Local gas prices drop 4.9 cents per gallon

Chattanooga gas prices fell 4.9 cents per gallon in the past week, dropping to 31 cents a gallon below the U.S. average price, according to GasBuddy's daily survey of 170 stations.

The average price of a gallon of regular fuel in Chattanooga this week was $1.87 per gallon, compared with a national average price of $2.18 a gallon, said. Gas prices in Chattanooga are 3.8 cents per gallon higher than a month ago but stand 55.1 cents per gallon lower than a year ago.

The Sam's Club on Lee Highway where regular gas sold at the start of the week at $1.67 a gallon matched the lowest price of any gas station in Tennessee on Sunday, said.

"Similar to watching the Cubs game last night with a quiet and empty stadium, gasoline prices have been quiet last week as markets await the next chapter in the coronavirus situation," said Patrick De Haan, head of petroleum analysis for GasBuddy. For now, motorists are still 'stuck' with the lowest summer gas prices in 16 years."


Whole Foods is sued for barring BLM message

Whole Foods Market discriminated against its employees when it barred them from wearing Black Lives Matter face coverings while on the job, according to a federal lawsuit filed Monday in Boston.

The supermarket chain disciplined, intimidated and retaliated against the workers who were showing solidarity with the racial justice movement that had a resurgence of support following the May death of George Floyd in Minneapolis, according to the lawsuit.

Store managers cited the company dress code, which prohibits slogans or logos not affiliated with the company, as the reason for prohibiting Black Lives Matter messages.

Whole Foods in a statement said employees "must comply with our longstanding company dress code, which prohibits any visible slogans, messages, logos or advertising that are not company-related, on any article of clothing."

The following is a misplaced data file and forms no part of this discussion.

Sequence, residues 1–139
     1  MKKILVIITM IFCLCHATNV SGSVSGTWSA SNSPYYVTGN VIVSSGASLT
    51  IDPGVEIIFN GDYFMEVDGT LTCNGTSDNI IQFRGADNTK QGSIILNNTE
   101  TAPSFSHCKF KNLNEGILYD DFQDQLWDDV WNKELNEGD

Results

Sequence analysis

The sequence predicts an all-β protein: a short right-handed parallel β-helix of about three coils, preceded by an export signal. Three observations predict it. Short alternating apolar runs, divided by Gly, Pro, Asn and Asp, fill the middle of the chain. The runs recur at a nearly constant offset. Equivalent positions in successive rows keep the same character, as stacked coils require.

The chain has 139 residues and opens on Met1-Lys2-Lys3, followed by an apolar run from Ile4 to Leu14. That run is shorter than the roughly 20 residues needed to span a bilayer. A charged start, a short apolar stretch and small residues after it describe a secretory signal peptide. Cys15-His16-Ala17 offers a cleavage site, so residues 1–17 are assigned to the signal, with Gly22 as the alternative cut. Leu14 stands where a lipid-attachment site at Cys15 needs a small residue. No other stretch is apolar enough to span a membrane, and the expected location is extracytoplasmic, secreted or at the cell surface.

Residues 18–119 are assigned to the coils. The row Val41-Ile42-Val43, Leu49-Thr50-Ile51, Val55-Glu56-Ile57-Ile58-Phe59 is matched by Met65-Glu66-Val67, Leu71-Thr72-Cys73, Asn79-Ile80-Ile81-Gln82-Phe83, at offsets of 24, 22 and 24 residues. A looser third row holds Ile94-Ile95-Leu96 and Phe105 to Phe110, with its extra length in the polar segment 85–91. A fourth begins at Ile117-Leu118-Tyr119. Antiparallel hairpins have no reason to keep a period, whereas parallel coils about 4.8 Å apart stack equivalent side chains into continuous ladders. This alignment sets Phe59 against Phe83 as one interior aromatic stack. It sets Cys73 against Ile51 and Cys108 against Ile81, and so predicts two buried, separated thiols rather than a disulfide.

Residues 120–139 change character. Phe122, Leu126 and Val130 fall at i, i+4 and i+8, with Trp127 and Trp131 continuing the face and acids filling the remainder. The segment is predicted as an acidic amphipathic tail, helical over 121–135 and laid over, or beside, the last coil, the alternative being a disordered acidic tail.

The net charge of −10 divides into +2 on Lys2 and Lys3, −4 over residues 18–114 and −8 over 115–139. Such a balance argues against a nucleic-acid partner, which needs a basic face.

FirstBank profits rise in 2nd quarter

Despite the pandemic, FirstBank boosted its second quarter profits by nearly 19% over a year ago as Tennessee's second biggest bank headquartered in the state topped Wall Street expectations in the three-month period.

FB Financial Corp., the parent company of FirstBank which operates nine offices in Chattanooga, reported net income of $22.9 million, or 70 cents per share, for the second quarter of 2020, compared to net income of $18.7 million, or 59 cents per share, for the second quarter of 2019. The average estimate of four analysts surveyed by Zacks Investment Research was for earnings of 48 cents per share in the second quarter of this year.

The forecasted impact of the COVID-19 pandemic crisis resulted in provisions for credit losses and unfunded commitments totaling $25.9 million in the second quarter compared to $29.6 million in the first quarter of 2020 and $0.9 million in the second quarter of 2019.

"The second quarter of 2020 was a unique and challenging environment for our company," said Christopher T. Holmes, president and CEO of the Nashville-based bank. "During the second quarter, we assisted our customers by approving and funding over 2,900 Paycheck Protection Program loans totaling $314.7 million for small businesses, preserving jobs for over 36,000 employees in our communities."


Caesars resorts sell for $17.3 billion

A Nevada company that started in 1973 with a single hotel-casino in Reno announced Monday it has completed a $17.3 billion buyout of Caesars Entertainment Corp. and will take the iconic company's name going forward as the largest casino owner in the world.

Eldorado Resorts Inc. said the combined company will now own and operate more than 55 casino properties in 16 U.S. states, including eight resorts on the Las Vegas Strip.

"We are pleased to have completed this transformative merger," Tom Reeg, former CEO of Eldorado Resorts and now CEO of Caesars Entertainment Inc. said in a statement.

Reeg promised to welcome the combined company's tens of thousands of employees and to create value for stakeholders using "strategic initiatives that will position the company for continued growth."

The buyout also affects Caesars properties in the United Kingdom, Egypt, Canada, Dubai and a golf course in the Chinese gambling enclave of Macau. The company vaulted over MGM Resorts International as the world's largest casino operation.